Home CommentaryStudent Life A referendum to eliminate the SAF

A referendum to eliminate the SAF

by Archives October 28, 2008

“Student money should go to student projects, and right now it’s not,” said CSU VP external Colin Goldfinch during a special meeting in October. Claiming student-developed sustainability projects are being taken over by the university, the student council voted to put the SAF fee levy to a referendum.
“This goes against the mandate of the program that students voted for,” CSU VP Communications Elie Chivi said. “This is exactly like if Chartwells started collecting money from the People’s Potato to fund a vegan menu for students,” he said. “It may be a good initiative on paper, but the students shouldn’t have to foot the bill for the university’s projects.”
Chivi referred specifically to R4 Compost as an example of students paying for administrative projects. “The facility was given more than $30,000 worth of funding from student money,” he said. “The university should not have to use students as a crutch to pay for their inability to prioritize their funds appropriately.”
Chris Mota, director of media relations at Concordia, acknowledged administration received funding from the SAF, but said the university applied for the projects the same way any other group would have.
Stuart said the SAF doesn’t treat the university differently than any other group on campus. The SAF’s goal is to provide funds for sustainability projects. “The projects that SAF funds are informed by public consultations,” she said. “All applicants are required to present their project to the public and answer any questions the community may have.” All funding decisions are made by a majority vote of student representatives who sit on the board.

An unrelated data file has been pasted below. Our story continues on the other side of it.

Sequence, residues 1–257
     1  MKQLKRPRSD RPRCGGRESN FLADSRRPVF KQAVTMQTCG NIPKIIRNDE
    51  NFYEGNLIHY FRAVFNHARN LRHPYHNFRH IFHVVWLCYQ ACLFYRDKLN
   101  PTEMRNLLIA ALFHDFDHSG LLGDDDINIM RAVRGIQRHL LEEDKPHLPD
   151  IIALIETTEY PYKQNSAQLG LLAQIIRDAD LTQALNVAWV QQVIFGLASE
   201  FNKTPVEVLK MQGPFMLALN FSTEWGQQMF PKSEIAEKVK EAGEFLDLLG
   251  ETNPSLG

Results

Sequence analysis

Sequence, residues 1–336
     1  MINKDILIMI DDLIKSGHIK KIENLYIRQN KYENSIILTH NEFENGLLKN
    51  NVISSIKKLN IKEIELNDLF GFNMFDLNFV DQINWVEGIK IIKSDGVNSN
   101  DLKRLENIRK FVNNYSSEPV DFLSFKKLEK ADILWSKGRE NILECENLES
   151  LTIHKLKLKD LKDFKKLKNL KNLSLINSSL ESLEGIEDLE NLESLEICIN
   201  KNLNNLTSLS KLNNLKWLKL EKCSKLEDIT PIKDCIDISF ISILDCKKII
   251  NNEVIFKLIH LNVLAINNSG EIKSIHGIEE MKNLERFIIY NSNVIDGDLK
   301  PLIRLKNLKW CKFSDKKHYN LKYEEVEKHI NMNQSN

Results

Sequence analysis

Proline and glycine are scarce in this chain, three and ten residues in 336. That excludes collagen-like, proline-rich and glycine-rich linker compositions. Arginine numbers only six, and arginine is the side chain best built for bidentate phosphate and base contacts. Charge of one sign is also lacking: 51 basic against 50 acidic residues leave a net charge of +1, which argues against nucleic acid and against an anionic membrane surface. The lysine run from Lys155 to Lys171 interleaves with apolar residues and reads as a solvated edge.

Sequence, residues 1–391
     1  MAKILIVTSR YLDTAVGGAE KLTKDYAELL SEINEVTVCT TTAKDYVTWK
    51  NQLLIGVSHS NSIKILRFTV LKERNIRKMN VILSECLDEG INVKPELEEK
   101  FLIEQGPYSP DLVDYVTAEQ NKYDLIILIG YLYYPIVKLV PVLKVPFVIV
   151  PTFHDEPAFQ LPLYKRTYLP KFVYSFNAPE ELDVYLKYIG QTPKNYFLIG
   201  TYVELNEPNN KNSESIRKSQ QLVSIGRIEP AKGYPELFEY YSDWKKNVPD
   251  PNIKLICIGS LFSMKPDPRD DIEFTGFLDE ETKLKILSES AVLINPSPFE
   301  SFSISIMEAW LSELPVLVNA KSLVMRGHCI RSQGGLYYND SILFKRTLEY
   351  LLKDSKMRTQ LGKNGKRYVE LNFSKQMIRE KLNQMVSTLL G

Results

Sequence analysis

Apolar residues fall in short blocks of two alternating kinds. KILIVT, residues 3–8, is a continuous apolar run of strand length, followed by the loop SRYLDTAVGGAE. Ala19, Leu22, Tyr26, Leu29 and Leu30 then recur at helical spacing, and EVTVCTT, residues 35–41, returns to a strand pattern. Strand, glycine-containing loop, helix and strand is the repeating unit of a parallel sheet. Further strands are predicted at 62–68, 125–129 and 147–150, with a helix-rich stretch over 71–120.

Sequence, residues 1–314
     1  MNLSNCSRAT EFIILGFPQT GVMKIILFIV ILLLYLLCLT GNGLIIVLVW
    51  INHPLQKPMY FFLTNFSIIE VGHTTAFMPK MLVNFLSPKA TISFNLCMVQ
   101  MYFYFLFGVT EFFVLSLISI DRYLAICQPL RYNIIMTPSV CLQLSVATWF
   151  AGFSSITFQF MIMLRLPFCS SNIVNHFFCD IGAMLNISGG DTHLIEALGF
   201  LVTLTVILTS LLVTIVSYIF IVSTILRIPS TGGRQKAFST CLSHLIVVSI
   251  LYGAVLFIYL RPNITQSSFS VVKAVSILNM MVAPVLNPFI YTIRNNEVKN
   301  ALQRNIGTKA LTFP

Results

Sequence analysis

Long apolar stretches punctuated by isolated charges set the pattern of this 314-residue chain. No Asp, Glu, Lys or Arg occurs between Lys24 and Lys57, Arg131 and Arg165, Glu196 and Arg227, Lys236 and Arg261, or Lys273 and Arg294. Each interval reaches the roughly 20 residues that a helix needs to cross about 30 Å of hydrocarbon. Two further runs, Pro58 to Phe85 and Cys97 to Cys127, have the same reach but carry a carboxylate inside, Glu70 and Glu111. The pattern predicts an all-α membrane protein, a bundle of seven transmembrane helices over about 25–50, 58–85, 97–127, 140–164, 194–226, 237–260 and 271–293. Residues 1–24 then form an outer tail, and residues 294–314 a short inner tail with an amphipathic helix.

Still, the CSU wants student money to go directly to students. “If Concordia needs more money to finance sustainable projects,” Chivi said, “then everyone should simply stop pretending this is a student fee levy.”
During the referendum this week, students will be asked, for the second time in as many years, whether they support the SAF fee levy.
The aftermath of a vote in favour of ending the fee levy and, therefore, dissolving the SAF, is uncertain.
Current and on-going projects might suffer, depending when the fee levy is terminated. The provincial government took note after the SAF made a five-year commitment to the compost facility. The long-term commitment from the SAF secured funding from the government of Quebec, donating a total of $118,700 to sustainability at Concordia.
In the event the SAF is dissolved, the funding from the government will be jeopardized. “Students stand to lose this provincial funding if the fee levy is eliminated,” Mota said.
The CSU is committed to ensuring environmentally and ecologically friendly projects continue at Concordia. “If students vote to remove this initiative, then the idea is to create a fund that is directly managed by students representing or currently involved in all the faculty associations and the CSU,” Chivi said.
With the SAF fee levy being put to referendum, the decision now lies in the hands of the students.
“It’s very powerful for students to take ownership of the projects we’re funding,” Stuart said. “For students to say so resoundingly ‘This is important to us and we’re going to use our own money to make sure everybody knows that.'”
Mota said it’s not the university’s place to comment on the referendum, but added, “Students at this university are very bright. It’s up to them to decide.”

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